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LifestyleColumnistsJessica Damiano

Garden Detective: rhododendron blooming in December a possibility

A rhododendron blooming in December in reader Steven

A rhododendron blooming in December in reader Steven Korn's Merrick garden. Photo Credit: Handout

DEAR JESSICA I am a regular reader of your column and monthly calendars in Newsday. I just finished my final fall cleanup of my backyard and found a blooming rhododendron. Is this normal in December, especially after Sandy and the nor'easter snow? I know this is late fall, and I've been on LI since I was a kid in the 1950s, but this is weird. -- Steve Korn, Merrick

DEAR STEVE Weird, indeed, but not unheard of, especially because of the nor'easter snow. Sometimes when plants experience a frost followed by warmer weather, they are tricked into thinking winter has come and gone. As far as your rhodie is concerned, spring has arrived! The good news is you get to enjoy some unseasonal blossoms before the cold nips at the plant again. The downside, unfortunately, is that the plant is spending its blooming energy now and so won't be able to put on as good a show as you've come to expect in spring.

DEAR JESSICA I am hoping you can give me some advice regarding several Nandina (heavenly bamboo) shrubs in front of my house. They were planted a couple of years ago and have been doing well, with consistent growth and red berries in the fall. The shrubs started losing their leaves (one is practically bare) but still have beautiful bright red berries. This did not happen last winter, as the shrubs maintained their foliage all season long. Are the shrubs in distress? Is there anything I can do now, or should I just cross my fingers and hope for the best in spring? -- Ivan Prafder, Massapequa

DEAR IVAN Heavenly bamboo (Nandina domestica) is a beautiful plant that offers four seasons of interest. In spring, bronze-tinted green foliage precedes cream-colored flowers. By summer, the leaves turn bluish-gray, and the flowers give way to green berries, which turn orange in autumn as the leaves turn yellow, then orange, then red. By winter the berries are bright red. Typically, this is an evergreen plant that holds onto its foliage down to about 10 degrees. It hasn't been that cold this year, but gusts of cold wind also can cause leaf drop, and my guess is that the double-whammy of superstorm Sandy and the nor'easter is to blame. I suspect they will be just fine next year.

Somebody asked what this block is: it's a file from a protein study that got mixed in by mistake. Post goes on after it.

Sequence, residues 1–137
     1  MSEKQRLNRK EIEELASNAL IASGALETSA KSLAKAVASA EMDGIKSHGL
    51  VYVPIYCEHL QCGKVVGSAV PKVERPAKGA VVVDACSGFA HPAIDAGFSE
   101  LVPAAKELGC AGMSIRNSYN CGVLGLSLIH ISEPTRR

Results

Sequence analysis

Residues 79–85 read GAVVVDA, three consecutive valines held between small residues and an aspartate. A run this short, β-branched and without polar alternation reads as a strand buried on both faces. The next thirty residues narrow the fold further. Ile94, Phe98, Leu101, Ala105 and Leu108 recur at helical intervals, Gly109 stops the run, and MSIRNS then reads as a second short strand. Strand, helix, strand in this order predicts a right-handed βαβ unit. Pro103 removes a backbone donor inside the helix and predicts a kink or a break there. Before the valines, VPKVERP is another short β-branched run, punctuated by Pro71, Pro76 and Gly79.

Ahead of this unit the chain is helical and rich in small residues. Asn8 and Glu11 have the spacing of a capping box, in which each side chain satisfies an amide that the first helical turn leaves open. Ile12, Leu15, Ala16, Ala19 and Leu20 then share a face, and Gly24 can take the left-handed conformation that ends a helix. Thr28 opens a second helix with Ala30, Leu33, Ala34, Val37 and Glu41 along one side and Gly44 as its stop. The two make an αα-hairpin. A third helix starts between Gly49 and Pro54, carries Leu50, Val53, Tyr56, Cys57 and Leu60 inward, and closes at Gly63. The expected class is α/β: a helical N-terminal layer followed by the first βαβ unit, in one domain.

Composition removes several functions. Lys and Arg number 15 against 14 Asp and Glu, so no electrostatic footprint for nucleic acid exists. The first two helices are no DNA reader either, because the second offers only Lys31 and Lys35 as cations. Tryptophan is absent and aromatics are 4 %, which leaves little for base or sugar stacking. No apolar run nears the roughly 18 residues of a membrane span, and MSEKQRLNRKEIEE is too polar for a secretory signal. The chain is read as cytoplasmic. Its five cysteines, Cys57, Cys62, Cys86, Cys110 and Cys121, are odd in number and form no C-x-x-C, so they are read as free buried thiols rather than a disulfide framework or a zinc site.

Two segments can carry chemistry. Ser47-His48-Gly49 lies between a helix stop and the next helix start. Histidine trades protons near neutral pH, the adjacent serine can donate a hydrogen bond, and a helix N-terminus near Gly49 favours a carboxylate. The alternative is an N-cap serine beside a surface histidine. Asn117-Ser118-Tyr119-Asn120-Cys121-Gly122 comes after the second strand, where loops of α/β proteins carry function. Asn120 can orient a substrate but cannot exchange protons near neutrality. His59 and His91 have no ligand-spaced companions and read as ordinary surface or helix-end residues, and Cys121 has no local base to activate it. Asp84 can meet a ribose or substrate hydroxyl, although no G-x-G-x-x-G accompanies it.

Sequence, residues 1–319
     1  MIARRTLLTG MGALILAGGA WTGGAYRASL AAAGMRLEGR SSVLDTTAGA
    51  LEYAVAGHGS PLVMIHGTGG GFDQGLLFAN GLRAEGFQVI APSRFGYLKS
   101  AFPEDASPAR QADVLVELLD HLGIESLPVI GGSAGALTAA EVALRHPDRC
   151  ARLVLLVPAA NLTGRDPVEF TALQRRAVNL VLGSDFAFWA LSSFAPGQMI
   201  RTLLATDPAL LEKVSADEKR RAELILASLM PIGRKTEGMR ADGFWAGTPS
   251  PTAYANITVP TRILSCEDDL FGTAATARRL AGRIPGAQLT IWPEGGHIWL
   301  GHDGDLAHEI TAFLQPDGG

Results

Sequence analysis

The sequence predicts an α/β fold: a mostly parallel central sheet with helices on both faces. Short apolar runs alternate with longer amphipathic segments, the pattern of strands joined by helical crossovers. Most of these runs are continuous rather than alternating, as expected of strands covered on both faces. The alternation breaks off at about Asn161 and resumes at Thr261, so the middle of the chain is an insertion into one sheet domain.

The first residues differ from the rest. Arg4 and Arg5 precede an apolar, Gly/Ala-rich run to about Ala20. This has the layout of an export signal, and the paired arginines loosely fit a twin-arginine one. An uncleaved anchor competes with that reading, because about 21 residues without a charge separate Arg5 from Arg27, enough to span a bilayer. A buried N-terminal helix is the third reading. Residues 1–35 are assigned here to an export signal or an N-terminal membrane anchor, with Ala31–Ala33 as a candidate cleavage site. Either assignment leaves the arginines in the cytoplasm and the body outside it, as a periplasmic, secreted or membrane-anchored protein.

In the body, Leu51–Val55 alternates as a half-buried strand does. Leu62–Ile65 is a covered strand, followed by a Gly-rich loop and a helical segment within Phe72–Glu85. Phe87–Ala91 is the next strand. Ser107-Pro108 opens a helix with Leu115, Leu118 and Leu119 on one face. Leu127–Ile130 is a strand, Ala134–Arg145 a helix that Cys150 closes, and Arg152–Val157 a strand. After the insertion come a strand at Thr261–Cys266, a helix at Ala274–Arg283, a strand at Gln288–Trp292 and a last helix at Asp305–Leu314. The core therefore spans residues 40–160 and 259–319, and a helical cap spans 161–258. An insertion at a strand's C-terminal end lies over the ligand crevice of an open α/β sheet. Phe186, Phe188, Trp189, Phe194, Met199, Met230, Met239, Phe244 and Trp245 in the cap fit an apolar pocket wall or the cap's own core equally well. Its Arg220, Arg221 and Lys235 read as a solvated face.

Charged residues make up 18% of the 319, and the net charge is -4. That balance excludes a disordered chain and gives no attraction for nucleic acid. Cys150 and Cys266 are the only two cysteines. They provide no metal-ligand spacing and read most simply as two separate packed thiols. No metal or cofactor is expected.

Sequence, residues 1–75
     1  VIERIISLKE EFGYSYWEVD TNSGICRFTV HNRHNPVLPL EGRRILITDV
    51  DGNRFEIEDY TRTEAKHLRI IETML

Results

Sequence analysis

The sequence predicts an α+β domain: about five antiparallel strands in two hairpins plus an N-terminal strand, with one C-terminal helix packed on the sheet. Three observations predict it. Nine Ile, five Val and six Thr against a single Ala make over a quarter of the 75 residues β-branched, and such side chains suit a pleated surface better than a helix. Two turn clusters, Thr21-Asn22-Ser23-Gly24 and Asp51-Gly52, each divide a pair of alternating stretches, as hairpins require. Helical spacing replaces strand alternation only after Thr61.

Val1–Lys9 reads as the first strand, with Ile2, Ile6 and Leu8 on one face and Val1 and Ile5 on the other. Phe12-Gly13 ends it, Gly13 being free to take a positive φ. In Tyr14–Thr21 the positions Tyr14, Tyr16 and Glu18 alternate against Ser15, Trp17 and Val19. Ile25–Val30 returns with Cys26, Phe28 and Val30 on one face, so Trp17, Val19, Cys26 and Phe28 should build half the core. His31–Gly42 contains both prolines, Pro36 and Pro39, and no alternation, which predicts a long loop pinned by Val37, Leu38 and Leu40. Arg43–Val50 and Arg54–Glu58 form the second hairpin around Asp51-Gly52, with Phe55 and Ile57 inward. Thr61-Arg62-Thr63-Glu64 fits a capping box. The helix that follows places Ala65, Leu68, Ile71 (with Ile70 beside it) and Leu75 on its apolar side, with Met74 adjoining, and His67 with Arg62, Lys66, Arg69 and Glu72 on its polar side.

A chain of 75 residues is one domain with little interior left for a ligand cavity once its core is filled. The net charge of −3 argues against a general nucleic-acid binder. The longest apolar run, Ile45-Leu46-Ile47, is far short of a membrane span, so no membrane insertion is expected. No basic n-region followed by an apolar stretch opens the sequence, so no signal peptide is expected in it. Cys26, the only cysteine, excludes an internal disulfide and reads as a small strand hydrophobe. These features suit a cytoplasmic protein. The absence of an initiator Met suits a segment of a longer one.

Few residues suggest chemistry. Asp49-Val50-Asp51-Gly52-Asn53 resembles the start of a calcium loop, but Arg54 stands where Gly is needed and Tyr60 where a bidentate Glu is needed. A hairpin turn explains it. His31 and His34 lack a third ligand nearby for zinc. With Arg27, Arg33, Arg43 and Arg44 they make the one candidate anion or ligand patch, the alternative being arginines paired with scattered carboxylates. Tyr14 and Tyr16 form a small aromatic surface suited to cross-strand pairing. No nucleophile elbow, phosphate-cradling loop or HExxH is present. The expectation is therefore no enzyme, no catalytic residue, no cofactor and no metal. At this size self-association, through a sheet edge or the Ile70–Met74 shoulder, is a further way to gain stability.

DEAR JESSICA Last fall I rescued four mums from various neighbors who were tossing them into the garbage, and this spring I planted two in my garden and transplanted the other two into larger pots. They all did very well and bloomed beautifully this fall. This year I have rescued five mums and one kale plant and am hoping for the same success. However, I am wondering if I should plant the mums now, before the weather gets bad, to lessen the risk of losing any of them to possible harsh winter weather. Also, how far apart should they be planted and, with regard to the kale plant, does that need a sunny or shady area? -- Alayne Boehm via email

DEAR ALAYNE I'm glad you had the foresight to plant those discarded chrysanthemums; many people don't realize they're perennial and will return year after year. You certainly can plant them now, but waiting until spring is fine, too, as long as they're potted in a suitably sized planter (if the pot is too small, there might not be enough soil within to properly insulate the roots over the winter). Spacing depends on the mature size of the variety of mum you have. Some grow to be very, very large, and naturally they would need more spacing than smaller ones. Use your judgment; mums are pretty tough and you can always reposition them later.

Ornamental kale, however, is a biennial, which produces a flower in its second year before dying. Problem is you don't know whether the plants you rescue or buy at the nursery are in their first or second year. They also turn into a mushy mess over the winter, so these are best treated as annuals in our region.

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